Tuesday, July 05, 2016

I thought there might be too many politicians on this site.  Was I wrong? 
I can’t say I’m surprised, but it’s nice to get some confirmation.  Alastair Sharp and Allison Martell of Reuters report that the Federal Trade Commission is investigating Avid Life, parent company of Ashley Madison.
But what is the scope of their investigation.  Executives admitted to Reuters that the use of “fembots” is part of the investigation, which makes sense under the FTC’s authority to address deceptive practices.  But is FTC also investigating their data security in light of their massive breach?  I would hope so.  Avid Life executives told Reuters they still don’t know how the breach occurred.
I expect that this investigation will result in a consent order with a whopping monetary component to reimburse consumers who were duped by fembots, but we’ll see in time.

Advertise with us and we’ll guarantee many people will see your ad, even if we have to create virtual people.
HummingBad malware infects 85 million Android devices
An Android-based malware campaign masterminded from China has snared as many as 85 million Android devices and is making the gang behind it an estimated $1m every quarter.
Security software and services company Check Point claimed that it has had its eye on the Yingmob gang for five months, describing it as sophisticated, well-staffed and highly profitable. 
Its tool of choice is a piece of malware called HummingBad, and the group works alongside an official advertising analytics company, according to Check Point's From HummingBad to Worse report (PDF).
"HummingBad is a malware Check Point discovered in February 2016 that establishes a persistent rootkit on Android devices, generates fraudulent ad revenue, and installs additional fraudulent apps," Check Point explained in a blog post.

A long report that says, “We don’t know what to do.” 
House Homeland Security Report – Going Dark, Going Forward: A Primer on the Encryption Debate
by Sabrina I. Pacifici on Jul 4, 2016
June 29, 2016: “Terrorist attacks in Paris and San Bernardino have sparked a public debate on the use of encryption in our society because the attackers used encrypted communications to evade detection, a phenomenon known as “going dark.”  Today, the Majority Staff of the House Homeland Security Committee released a new report entitled, Going Dark, Going Forward: A Primer on the Encryption Debate.  This first Congressional in-depth analysis of the issue summarizes the Committee’s findings, based on more than 100 meetings and briefings Committee staff and Members have held with key stakeholders over the past year.  In addition to providing insight into arguments on all sides of the encryption debate, the report lays the groundwork for a National Commission on Security and Technology Challenges proposed by Homeland Security Chairman Michel McCaul (R-TX) and Senator Mark Warner (D-VA).  The bipartisan Commission has broad support from former and current Administration officials, national security leaders, law enforcement, and the tech industry, and will help to forge a general concurrence of opinions, informed by a common understanding of the underlying facts.  Ultimately this effort will provide a better understanding of digital security issues for Congress and the American public.  The report released today will help inform and advance debate that centers around balancing personal cyber security and national security.”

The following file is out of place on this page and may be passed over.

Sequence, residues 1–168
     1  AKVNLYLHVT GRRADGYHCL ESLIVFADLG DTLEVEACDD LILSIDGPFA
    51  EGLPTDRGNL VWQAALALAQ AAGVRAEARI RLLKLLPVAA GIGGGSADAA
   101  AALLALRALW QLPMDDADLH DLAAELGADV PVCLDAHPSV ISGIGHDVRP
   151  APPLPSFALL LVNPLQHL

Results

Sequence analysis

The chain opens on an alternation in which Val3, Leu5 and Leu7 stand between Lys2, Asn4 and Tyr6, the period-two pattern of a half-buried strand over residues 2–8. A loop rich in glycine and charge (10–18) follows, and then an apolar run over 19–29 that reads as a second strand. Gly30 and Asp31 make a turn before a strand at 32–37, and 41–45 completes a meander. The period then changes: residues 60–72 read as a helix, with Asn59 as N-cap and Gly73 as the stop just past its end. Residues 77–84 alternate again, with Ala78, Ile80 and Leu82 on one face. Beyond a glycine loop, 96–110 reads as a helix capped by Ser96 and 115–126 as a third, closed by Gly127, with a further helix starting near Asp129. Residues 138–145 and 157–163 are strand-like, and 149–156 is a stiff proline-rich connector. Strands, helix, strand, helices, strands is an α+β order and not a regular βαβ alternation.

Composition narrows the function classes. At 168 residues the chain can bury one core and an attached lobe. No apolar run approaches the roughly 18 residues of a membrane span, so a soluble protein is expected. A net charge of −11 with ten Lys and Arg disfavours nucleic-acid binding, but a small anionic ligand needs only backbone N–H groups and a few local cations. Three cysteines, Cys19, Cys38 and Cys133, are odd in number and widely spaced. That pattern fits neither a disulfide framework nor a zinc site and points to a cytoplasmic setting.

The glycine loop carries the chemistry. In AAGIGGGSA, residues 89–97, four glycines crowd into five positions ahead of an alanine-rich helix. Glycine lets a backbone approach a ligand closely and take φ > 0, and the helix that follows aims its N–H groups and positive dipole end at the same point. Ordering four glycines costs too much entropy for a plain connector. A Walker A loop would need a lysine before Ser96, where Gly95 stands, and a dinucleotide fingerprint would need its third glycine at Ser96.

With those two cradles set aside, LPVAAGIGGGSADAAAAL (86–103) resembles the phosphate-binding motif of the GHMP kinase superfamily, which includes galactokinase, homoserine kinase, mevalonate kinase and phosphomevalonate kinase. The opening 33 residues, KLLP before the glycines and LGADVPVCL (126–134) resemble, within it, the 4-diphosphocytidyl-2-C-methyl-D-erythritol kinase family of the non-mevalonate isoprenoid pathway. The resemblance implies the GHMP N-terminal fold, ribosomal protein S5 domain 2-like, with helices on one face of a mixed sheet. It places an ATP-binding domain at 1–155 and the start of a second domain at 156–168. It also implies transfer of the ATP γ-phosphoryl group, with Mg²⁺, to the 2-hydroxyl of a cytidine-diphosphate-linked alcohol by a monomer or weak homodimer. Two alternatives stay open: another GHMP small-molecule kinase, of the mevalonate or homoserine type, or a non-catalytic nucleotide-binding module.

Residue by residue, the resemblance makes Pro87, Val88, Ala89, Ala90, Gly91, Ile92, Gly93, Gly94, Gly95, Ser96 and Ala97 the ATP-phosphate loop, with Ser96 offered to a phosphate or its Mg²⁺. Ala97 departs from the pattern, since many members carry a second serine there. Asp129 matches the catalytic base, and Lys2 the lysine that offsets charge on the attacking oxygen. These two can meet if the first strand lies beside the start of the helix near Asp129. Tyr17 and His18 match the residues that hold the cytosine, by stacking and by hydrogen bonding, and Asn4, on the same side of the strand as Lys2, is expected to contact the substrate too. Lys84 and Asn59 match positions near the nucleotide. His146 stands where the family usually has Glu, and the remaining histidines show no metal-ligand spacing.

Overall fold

Snapchat’s Teen Fans Wince as App Catches On With Their Folks
   Since its founding five years ago, Snapchat has become a digital mecca for high school and college-age students, allowing them to send photos and videos that disappear in a matter of seconds.  It has amassed 150 million daily active users, said a person familiar with the matter.
Snapchat also has been a refuge from parents.  Until lately, that is.
Now, the “olds” are arriving in force, whether they are parents spying on their kids, or professionals trying out another social-media platform.

Numbers that I didn’t catch elsewhere.
Significant Digits For Tuesday, July 5, 2016
28 months
That’s how long the House select committee’s investigation into the 2012 Benghazi attacks lasted, exceeding the amount of time high-profile Congressional committees spent digging into Watergate, the assassination of John F. Kennedy, the Sept. 11 attacks and Pearl Harbor. [AJC]
20,000 pounds of cheese
Crime of the century in Wisconsin: 20,000 pounds of cheese from U.S. Foods, en route from Green Bay to New York, was stolen.   [The Associated Press]

The world changes again.  The Saudis had the most accessible oil early in the last century.  Then Russia figured out how to extract oil when wells could freeze.  Now with shale extraction, the US looks big.  Still, there is only 70 years of oil left at the current rate? 
US oil reserves surpass those of Saudi Arabia and Russia
   Rystad Energy estimates recoverable oil in the US from existing fields, discoveries and yet undiscovered areas amounts to 264bn barrels.  The figure surpasses Saudi Arabia's 212bn and Russia's 256bn in reserves.
The analysis of 60,000 fields worldwide, conducted over a three-year period by the Oslo-based group, shows total global oil reserves at 2.1tn barrels.  This is 70 times the current production rate of about 30bn barrels of crude oil a year, Rystad Energy said on Monday.
   More than half of the US's remaining oil reserves are in unconventional shale oil, Rystad Energy data show.  Texas alone holds more than 60bn barrels of shale oil.

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